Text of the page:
May 5, 2016
Laser tool effective at identifying mutant listeria bacteria
WEST LAFAYETTE, Ind. - A Purdue University-developed laser tool already effective in quickly detecting harmful bacteria has been shown to detect mutant varieties of listeria - and in the same amount of time.
The BARDOT (pronounced bar-DOH') laser scans bacteria colonies looking for unique patterns that each bacterium makes. When the light penetrates a bacteria colony, it produces a scatter pattern that can be matched against a library of known bacteria patterns to identify a match. The system can identify bacteria such as salmonella, listeria, bacillus, vibrio and E. coli within 24 hours.
Now, Arun Bhunia, professor of food microbiology, and Atul Singh, research scientist, have shown that BARDOT (acronym for "bacterial rapid detection using optical scatter technology") can pinpoint small genetic mutations in listeria just as quickly, significantly reducing the time it would take scientists to identify those mutations in bacterial strains used for research. Their study was published in the journal Applied and Environmental Microbiology.
"This is a versatile microbiology tool, and we wanted to see if we can use it for mutant strains," Bhunia said. "This is a really powerful tool to help researchers find those mutant strains much easier on a petri plate. You can avoid the laborious techniques required to screen or detect these mutant strains."
Scientists use mutant bacteria to understand biology of pathogens and how they can combat outbreaks in food that can cause illnesses or death. Current methods of identifying mutants can take several days, whereas BARDOT can do the same work in less than a day.
Singh said he visualized the changes in bacteria using the laser system.
"It's like if you compare a wild type that is a normal bacteria, you get a scatter pattern. And then if you delete a certain gene, you get a new picture," he said.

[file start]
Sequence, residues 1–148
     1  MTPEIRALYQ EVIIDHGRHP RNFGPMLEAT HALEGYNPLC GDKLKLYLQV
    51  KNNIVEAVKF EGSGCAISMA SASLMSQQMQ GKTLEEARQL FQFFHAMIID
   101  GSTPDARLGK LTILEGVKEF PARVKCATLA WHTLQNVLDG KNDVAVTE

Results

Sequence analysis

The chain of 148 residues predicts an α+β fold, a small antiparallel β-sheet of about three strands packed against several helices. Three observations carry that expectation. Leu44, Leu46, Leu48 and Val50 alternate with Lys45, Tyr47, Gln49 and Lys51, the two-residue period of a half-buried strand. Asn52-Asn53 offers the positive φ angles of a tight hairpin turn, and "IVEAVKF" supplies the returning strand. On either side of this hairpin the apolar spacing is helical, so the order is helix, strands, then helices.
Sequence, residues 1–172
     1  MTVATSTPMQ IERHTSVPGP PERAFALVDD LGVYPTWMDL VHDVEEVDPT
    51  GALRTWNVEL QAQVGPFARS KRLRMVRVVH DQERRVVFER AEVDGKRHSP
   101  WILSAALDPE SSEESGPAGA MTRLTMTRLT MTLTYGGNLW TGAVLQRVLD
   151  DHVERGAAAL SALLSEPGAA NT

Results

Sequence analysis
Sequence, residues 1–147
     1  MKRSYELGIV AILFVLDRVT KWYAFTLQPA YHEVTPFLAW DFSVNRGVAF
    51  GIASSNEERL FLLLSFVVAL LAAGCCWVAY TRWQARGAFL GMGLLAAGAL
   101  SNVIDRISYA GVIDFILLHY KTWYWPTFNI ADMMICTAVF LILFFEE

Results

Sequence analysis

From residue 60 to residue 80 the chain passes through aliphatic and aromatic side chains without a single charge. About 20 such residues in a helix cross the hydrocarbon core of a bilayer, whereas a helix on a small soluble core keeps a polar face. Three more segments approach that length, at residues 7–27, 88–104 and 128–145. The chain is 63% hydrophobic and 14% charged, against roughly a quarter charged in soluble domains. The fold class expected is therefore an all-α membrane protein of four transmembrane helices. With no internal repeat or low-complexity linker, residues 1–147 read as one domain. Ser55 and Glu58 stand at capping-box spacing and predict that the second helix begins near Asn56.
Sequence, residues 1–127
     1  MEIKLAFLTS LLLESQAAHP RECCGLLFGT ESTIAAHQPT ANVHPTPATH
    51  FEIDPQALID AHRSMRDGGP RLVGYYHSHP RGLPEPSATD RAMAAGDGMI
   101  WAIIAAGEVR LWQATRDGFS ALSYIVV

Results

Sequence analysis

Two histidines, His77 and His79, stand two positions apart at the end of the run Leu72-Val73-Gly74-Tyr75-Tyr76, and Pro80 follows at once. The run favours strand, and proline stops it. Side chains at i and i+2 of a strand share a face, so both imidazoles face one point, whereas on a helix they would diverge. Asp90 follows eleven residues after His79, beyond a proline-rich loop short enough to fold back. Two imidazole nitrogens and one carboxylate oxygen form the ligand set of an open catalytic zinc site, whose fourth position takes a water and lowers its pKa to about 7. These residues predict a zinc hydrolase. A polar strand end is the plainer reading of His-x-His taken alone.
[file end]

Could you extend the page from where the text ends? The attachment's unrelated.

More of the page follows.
The reverse was also true. By restoring the deleted gene, the BARDOT system recognized the bacteria as a regular wild type of strain.
Bhunia said his lab will continue to study BARDOT's ability to identify mutants of other bacteria and build libraries so the tool can be used for that work. He will also test the system's ability to identify mutant bacteria from natural settings such as from contaminated food.
The U.S. Department of Agriculture funded this study through the Center for Food Safety Engineering.
A video showing BARDOT in action is available at http://bit.ly/1UBz5Ic.
Writer: Brian Wallheimer, 765-532-0233, email@example.com
Sources: Arun Bhunia, 765-494-5443, firstname.lastname@example.org
Atul Singh, 765-494-6236, email@example.com
Virulence Gene-Associated Mutant Bacterial Colonies Generate Differentiating Two-Dimensional Laser Scatter Fingerprints
Atul K. Singh a, Lena Leprun a, Rishi Drolia a, Xingjian Bai a,
Huisung Kim b , Amornrat Aroonual a, Euiwon Bae b, Krishna K. Mishra a,c, Arun K. Bhunia a,d *
a Molecular Food Microbiology Laboratory, Department of Food Science, Purdue University, West Lafayette, Indiana; b School of Mechanical Engineering, Purdue University, West Lafayette, Indiana;
c Ivy Tech Community College, Lafayette, Indiana;
d Department of Comparative Pathobiology, Purdue University, West Lafayette, Indiana
In this study, we investigated whether a laser scatterometer designated BARDOT (bacterial rapid detection using optical scattering technology) could be used to directly screen colonies of Listeria monocytogenes, a model pathogen, with mutations in several known virulence genes, including the genes encoding Listeria adhesion protein (LAP; lap mutant), internalin A (ΔinlA strain), and an accessory secretory protein (ΔsecA2 strain). Here we show that the scatter patterns of lap mutant, ΔinlA, and ΔsecA2 colonies were markedly different from that of the wild type (WT), with >95% positive predictive values (PPVs), whereas for the complemented mutant strains, scatter patterns were restored to that of the WT. The scatter image library successfully distinguished the lap mutant and ΔinlA mutant strains from the WT in mixed-culture experiments, including a coinfection study using the Caco-2 cell line. Among the biophysical parameters examined, the colony height and optical density did not reveal any discernible differences between the mutant and WT strains. We also found that differential LAP expression in L. monocytogenes serotype 4b strains also affected the scatter patterns of the colonies. The results from this study suggest that BARDOT can be used to screen and enumerate mutant strains separately from the WT based on differential colony scatter patterns.